5-0 out of 5 stars fantastic urban fantasy
She is known by many names; Slayer, vampire huntress and Neturu come to mind and she is feared by the forces of darkness who wants to destroy her before she reaches her twenty-first birthday and comes into her full powers. She is protected by seven Guardians and together they battle the creatures of the night. Her one weakness is Carlos who if he traveled another road would have been her guardian but at twenty-three he is a powerful mob boss who makes a fortune dealing drugs.

Fallon Nuit, a rogue vampire master wants to control all vampire activity on Earth and to have the slayer killed before her twenty-first birthday. He turns to Carlos but before the transformation is complete he is whisked away to the vampire council who will make him a master vampire if he destroys Fallon Nuit and the Neturu Damali Richards. He accepts the deal without signing any contracts because his own goal is to protect the slayer, even from himself and help her even though she discovers what he has become and rejects him.

Make no mistake, all the vampires in THE AWAKENING are evil beings who think of human beings as cattle. Carlos is different because as he was turned he was praying and so there is hope for him if Damali will give him a chance. This is a fantastic urban fantasy tale and all the loose ends will be tied up in the final book in this series THE HUNTED.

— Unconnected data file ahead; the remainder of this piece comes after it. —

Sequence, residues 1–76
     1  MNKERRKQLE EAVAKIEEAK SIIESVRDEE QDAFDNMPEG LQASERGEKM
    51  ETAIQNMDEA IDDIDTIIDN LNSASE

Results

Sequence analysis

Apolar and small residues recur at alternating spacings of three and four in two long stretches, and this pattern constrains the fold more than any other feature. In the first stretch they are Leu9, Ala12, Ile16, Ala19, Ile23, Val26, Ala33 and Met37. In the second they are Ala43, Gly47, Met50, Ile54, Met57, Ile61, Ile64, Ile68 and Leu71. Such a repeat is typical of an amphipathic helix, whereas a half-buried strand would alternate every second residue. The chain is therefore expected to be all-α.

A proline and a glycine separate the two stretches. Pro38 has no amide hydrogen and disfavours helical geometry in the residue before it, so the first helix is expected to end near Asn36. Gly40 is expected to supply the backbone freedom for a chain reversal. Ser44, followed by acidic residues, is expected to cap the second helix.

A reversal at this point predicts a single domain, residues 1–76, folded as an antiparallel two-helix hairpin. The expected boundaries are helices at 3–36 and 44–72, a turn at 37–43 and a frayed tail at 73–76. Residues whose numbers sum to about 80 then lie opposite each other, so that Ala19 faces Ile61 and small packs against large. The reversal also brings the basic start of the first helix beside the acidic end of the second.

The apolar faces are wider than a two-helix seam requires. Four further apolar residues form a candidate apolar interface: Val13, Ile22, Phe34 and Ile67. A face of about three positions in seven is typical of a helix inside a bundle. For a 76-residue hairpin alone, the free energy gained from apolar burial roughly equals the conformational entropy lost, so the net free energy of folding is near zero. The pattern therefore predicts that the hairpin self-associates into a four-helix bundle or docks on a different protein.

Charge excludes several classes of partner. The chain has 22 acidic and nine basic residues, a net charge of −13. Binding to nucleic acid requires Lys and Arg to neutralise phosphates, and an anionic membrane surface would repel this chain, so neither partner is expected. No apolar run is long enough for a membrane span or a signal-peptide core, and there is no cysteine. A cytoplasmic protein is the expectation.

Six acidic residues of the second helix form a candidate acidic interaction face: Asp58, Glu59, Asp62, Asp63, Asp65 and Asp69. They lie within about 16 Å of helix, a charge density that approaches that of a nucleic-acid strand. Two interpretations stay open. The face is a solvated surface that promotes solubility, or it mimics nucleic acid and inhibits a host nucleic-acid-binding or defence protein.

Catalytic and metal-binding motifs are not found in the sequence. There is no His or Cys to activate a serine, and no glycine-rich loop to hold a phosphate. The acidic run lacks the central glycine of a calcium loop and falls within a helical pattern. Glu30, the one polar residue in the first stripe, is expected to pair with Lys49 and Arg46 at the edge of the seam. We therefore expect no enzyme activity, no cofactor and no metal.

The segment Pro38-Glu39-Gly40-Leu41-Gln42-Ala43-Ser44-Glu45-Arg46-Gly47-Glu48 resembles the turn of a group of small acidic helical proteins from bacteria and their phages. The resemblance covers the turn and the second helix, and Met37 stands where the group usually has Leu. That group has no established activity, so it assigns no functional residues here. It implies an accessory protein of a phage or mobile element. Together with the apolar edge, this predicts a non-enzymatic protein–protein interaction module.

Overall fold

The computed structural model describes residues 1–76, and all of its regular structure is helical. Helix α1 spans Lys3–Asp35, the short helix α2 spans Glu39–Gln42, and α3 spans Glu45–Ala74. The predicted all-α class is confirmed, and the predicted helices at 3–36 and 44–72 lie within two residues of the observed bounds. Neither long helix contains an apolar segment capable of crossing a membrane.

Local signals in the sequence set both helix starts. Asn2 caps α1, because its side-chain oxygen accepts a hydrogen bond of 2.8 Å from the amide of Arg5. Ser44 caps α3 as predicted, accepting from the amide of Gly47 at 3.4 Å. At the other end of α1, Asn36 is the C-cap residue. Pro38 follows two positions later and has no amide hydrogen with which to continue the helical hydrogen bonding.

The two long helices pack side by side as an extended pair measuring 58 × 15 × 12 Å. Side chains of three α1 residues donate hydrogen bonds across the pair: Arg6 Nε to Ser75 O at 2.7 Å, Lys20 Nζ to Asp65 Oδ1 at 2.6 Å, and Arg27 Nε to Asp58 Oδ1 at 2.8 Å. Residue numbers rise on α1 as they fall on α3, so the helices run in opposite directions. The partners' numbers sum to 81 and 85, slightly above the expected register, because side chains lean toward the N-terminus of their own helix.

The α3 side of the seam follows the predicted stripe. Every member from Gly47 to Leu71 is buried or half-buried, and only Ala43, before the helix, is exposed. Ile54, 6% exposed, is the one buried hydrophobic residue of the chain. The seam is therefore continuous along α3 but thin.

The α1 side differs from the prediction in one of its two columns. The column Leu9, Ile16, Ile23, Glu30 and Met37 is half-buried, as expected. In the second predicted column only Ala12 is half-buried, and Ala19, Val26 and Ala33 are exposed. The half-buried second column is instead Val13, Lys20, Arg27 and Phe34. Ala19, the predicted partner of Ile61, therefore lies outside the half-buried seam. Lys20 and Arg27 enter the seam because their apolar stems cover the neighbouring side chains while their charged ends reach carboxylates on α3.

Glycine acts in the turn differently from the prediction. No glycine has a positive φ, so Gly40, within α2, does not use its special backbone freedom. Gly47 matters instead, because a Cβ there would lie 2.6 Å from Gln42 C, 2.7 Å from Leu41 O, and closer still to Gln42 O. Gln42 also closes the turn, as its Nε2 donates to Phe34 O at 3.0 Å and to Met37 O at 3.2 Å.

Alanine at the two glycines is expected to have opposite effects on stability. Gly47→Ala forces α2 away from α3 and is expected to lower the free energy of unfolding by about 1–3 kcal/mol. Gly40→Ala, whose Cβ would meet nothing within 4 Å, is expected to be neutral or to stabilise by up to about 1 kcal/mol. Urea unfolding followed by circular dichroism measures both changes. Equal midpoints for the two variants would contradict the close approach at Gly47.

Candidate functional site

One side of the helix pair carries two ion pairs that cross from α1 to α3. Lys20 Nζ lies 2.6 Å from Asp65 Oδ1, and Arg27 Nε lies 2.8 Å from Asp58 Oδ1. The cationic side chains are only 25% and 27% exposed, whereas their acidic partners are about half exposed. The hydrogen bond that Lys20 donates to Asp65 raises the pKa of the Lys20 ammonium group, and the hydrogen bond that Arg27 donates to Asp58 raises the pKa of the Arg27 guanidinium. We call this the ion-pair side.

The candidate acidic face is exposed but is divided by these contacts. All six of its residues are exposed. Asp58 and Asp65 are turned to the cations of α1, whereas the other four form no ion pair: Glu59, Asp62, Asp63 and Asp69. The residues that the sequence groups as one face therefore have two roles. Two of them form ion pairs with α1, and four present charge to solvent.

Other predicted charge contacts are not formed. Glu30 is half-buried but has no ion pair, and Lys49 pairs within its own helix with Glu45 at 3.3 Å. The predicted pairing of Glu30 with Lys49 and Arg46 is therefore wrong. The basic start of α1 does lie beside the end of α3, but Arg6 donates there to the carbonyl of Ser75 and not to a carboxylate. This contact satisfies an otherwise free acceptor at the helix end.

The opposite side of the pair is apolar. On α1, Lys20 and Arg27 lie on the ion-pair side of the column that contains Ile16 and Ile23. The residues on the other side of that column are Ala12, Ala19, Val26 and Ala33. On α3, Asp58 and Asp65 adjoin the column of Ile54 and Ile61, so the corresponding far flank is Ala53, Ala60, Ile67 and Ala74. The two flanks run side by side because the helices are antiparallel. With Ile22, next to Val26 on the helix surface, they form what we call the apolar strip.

Harriet Klausner

5-0 out of 5 stars The Urban Princess Warrior Returns
The Awakening is the second installment of the Vampire Huntress saga authored by L. A. Banks. I enjoyed Minion, but I LOVED The Awakening. The battle between good & evil, laced with the deadly romantic attraction between Neteru and Master Vampire was intoxicating.

Damali, Neteru, is coming into her own. Her birthday is nearing and so is her vulnerability to the master vampires stalking the Earth. Every demonic creature imaginable is aware of this historical event, but only the vampires have the ability to use it to their evil advantage.

Carlos and Damali have always shared a bond, an attraction. Carlos always felt the need to protect Damali...kind of like her guardians. But when opportunity presents itself, can the softhearted drug lord resist. Carlos gets caught up in something that even his arrogant street-wise character can't reverse. The Vampires approach Carlos with a lucrative offer. His decision and actions thereafter can shift the balance between good and evil.